The tacit promise of sourdough, and of your commitment to maintaining a starter and baking a loaf, is that you nearly always get bread. Most cooks have known an underbaked cake, overcooked vegetables, or dishes that are over spiced, over salted, or altogether ruined. Sourdough is a world apart; no matter the slip up, you will have bread on your table.

Consider overproofing. If your dough stays too long on the countertop before you transfer it to the refrigerator, it becomes gassy and fragile and will collapse when you move it from bowl or brotform to pot. …


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Pliny the Elder from Lapham’s Quarterly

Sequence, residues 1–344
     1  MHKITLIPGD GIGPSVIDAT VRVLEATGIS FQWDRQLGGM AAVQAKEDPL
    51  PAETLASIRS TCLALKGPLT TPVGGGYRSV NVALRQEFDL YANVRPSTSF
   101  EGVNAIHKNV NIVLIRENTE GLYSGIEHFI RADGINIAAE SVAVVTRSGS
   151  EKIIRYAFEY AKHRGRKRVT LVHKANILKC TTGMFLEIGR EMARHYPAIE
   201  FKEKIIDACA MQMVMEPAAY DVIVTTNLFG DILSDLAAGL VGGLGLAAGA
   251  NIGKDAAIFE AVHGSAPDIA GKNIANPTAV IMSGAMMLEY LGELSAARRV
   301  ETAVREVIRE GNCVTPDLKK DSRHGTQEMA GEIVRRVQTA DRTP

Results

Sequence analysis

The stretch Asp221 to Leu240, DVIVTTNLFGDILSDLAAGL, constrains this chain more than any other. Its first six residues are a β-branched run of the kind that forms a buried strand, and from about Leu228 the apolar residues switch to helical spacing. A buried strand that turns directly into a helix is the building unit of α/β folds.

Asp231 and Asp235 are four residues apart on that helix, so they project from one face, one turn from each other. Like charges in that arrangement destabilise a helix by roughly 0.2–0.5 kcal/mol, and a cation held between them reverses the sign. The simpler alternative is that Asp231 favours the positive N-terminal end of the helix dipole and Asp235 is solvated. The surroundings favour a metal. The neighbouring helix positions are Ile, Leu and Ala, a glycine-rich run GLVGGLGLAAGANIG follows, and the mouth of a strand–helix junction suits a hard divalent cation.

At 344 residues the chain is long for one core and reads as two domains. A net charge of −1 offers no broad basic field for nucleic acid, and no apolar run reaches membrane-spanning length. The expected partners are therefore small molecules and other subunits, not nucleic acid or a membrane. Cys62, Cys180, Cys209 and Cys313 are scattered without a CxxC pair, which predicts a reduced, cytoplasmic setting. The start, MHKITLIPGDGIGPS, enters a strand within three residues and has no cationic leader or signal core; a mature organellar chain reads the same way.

Bread was central to the diet of ancient Romans; baked fresh daily, usually at home, it formed the basis of most meals. There were also commercial bakeries to provide daily bread for those not inclined to bake, and the professional bread bakers who worked them were influential and powerful. If someone “gave good bread,” or “bonum panem fert,” it meant this person was reliable and worthy of respect in the community.

Well established in Ancient Rome, Pliny the Elder and his nephew and adopted son, Pliny the Younger, were morally upright, sophisticated men who lived during the first century AD…


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Photo by Taylor Kiser on Unsplash

Years ago, I set out to make whipped cream but let the process go a little too far. The cream turned into butter, though I didn’t realize at the time that butter is what I had, and this mistake offered me a new ability and an enduring gift.